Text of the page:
Gov. Andrew Cuomo announced his resignation on Tuesday, catching New Yorkers off guard, particularly after he began his roughly 20-minute-long speech with a seemingly defiant tone, calling himself a fighter.
The Democratic governor, 63, who has been in office since 2011, came under mounting political pressure to resign over the past week, with members of the State Assembly making it clear that they would move forward with impeachment hearings if he did not step aside.
His resignation came seven days after State Attorney General Letitia James issued a scathing report detailing alleged sexual misconduct by the governor. James's reported included testimony by 179 witnesses and 74,000 pieces of evidence.
Cuomo was apologetic toward the 11 women who had accused him of sexual harassment, but he denied any wrongdoing, saying it was in his nature to touch and hug those around him, including employees. He engaged in friendly gestures, not sexual advances, he insisted.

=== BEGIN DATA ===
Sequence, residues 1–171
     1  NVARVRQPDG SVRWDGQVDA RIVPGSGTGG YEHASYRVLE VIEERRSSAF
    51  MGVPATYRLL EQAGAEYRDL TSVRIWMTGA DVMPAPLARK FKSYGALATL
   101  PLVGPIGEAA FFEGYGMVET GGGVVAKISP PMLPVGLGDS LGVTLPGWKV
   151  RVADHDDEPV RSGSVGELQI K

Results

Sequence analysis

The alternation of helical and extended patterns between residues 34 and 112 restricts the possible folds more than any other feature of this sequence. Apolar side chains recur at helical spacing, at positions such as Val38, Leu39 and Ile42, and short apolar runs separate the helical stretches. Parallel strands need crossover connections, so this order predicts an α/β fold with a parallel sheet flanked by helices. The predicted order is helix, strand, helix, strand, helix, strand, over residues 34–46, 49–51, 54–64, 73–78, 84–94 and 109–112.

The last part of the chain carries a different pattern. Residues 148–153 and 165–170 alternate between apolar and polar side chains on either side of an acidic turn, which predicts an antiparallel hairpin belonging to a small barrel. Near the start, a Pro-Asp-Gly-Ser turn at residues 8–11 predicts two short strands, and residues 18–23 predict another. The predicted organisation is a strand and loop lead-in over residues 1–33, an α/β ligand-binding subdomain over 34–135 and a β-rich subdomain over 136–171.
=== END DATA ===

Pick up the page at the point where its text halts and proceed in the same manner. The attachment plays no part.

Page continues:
Cuomo's resignation will take effect in 14 days, after which New York's lieutenant governor, Kathy Hochul, will take the reins.
After announcing that he would step down, Cuomo listed a number of his accomplishments, saying that New York had legalized gay marriage, banned assault weapons, raised the minimum wage to $15, made college tuition free for middle-class students attending state schools, built and rebuilt airports, bridges and roads, and battled racism and anti-Semitism.
Most recently, he noted, New Yorkers had waged a successful fight against the coronavirus, reducing the state's infection rate from the highest in the nation to among the lowest.
Cuomo spoke directly to his three daughters, ages 26 and 23, saying that he had made mistakes, and that he had apologized for them and learned from them.
Speaking to New Yorkers, he concluded, "Thank you for the honor of serving you."
More to follow.